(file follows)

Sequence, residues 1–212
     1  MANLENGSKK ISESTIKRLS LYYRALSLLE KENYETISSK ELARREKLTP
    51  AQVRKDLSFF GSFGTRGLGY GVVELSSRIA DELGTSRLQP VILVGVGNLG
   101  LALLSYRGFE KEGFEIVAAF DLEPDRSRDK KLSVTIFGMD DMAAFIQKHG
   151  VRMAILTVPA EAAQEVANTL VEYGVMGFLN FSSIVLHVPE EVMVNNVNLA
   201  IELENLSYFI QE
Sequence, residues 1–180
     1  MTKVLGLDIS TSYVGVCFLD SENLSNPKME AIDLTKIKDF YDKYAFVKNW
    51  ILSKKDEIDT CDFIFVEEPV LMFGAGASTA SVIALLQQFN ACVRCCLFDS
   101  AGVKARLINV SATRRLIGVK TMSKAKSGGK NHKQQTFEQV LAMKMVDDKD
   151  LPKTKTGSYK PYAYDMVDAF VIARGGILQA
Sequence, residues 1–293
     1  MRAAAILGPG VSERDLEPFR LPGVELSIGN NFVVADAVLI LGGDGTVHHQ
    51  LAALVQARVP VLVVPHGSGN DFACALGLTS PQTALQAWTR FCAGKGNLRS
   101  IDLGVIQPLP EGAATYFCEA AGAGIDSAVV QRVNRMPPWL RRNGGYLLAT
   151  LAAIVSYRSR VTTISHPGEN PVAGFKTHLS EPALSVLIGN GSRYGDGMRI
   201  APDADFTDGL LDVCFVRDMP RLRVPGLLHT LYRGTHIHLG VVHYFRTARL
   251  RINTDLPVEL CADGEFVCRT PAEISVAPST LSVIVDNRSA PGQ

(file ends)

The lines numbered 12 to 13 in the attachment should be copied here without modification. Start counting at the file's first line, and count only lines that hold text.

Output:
Sequence, residues 1–293
     1  MRAAAILGPG VSERDLEPFR LPGVELSIGN NFVVADAVLI LGGDGTVHHQ